Early in the twentieth century McReynolds’s career moved in a new direction. Despite his Democratic Party affiliation, he was appointed assistant attorney general by President Theodore Roosevelt in 1903. Monopolistic business combinations had become a major issue in American politics. As assistant attorney general, McReynolds successfully prosecuted a number of cases under the Sherman Anti-Trust Act and appeared frequently before the Supreme Court. In 1907, while in private practice in New York City, he accepted a special assignment to prosecute the tobacco trust, prevailing before the Supreme Court four years later. Although he primarily sought to preserve competition, McReynolds gained a public reputation as something of a radical on business-related matters.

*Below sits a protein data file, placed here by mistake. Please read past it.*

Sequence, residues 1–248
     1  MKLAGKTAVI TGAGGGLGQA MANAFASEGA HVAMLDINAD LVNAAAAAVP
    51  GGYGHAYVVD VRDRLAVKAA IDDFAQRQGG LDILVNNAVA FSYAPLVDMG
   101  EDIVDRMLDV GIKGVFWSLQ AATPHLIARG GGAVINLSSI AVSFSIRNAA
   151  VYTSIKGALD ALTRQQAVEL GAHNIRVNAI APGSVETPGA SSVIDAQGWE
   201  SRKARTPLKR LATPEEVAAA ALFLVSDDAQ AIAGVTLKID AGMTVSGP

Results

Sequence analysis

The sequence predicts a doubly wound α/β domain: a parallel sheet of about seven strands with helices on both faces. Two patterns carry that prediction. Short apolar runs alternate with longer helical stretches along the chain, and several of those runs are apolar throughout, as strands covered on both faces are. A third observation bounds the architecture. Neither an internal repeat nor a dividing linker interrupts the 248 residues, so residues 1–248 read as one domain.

McReynolds returned to private practice in 1912 and campaigned actively for the election of Woodrow Wilson as president that year. In 1913, Wilson appointed McReynolds attorney general. In that post he continued to seek vigorous enforcement of antitrust policy by litigation and negotiated settlements. His often abrasive personality, however, irritated other members of the Wilson cabinet and Democratic Party leaders.
In the summer of 1914, Wilson appointed McReynolds to replace Horace H. Lurton as a member of the Supreme Court. Historians have long speculated about the reasons for Wilson’s choice, with some suggesting that the president wished to remove a troublesome person from his cabinet. In fact, Wilson continued to hold Justice McReynolds in high regard and, on the basis of his trust-busting record, was confident that he was a liberal at heart. McReynolds was promptly confirmed by the Senate, with strong backing from Democratic senators.